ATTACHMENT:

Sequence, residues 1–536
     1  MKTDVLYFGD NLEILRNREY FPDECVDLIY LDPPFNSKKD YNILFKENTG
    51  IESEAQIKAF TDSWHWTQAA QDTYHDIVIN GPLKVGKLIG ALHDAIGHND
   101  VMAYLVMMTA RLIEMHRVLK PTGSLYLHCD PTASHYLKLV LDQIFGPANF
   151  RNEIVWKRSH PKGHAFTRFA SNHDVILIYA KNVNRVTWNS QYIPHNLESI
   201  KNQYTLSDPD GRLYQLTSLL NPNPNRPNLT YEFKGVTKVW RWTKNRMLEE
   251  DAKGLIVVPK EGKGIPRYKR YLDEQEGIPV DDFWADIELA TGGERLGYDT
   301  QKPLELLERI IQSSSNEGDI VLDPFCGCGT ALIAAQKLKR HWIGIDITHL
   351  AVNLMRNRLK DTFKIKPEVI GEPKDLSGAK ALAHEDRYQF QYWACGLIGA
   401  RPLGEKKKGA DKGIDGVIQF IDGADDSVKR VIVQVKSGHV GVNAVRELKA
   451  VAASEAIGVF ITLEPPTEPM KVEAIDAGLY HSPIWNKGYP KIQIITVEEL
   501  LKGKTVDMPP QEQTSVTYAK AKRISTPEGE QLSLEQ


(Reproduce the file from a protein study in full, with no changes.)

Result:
Sequence, residues 1–536
     1  MKTDVLYFGD NLEILRNREY FPDECVDLIY LDPPFNSKKD YNILFKENTG
    51  IESEAQIKAF TDSWHWTQAA QDTYHDIVIN GPLKVGKLIG ALHDAIGHND
   101  VMAYLVMMTA RLIEMHRVLK PTGSLYLHCD PTASHYLKLV LDQIFGPANF
   151  RNEIVWKRSH PKGHAFTRFA SNHDVILIYA KNVNRVTWNS QYIPHNLESI
   201  KNQYTLSDPD GRLYQLTSLL NPNPNRPNLT YEFKGVTKVW RWTKNRMLEE
   251  DAKGLIVVPK EGKGIPRYKR YLDEQEGIPV DDFWADIELA TGGERLGYDT
   301  QKPLELLERI IQSSSNEGDI VLDPFCGCGT ALIAAQKLKR HWIGIDITHL
   351  AVNLMRNRLK DTFKIKPEVI GEPKDLSGAK ALAHEDRYQF QYWACGLIGA
   401  RPLGEKKKGA DKGIDGVIQF IDGADDSVKR VIVQVKSGHV GVNAVRELKA
   451  VAASEAIGVF ITLEPPTEPM KVEAIDAGLY HSPIWNKGYP KIQIITVEEL
   501  LKGKTVDMPP QEQTSVTYAK AKRISTPEGE QLSLEQ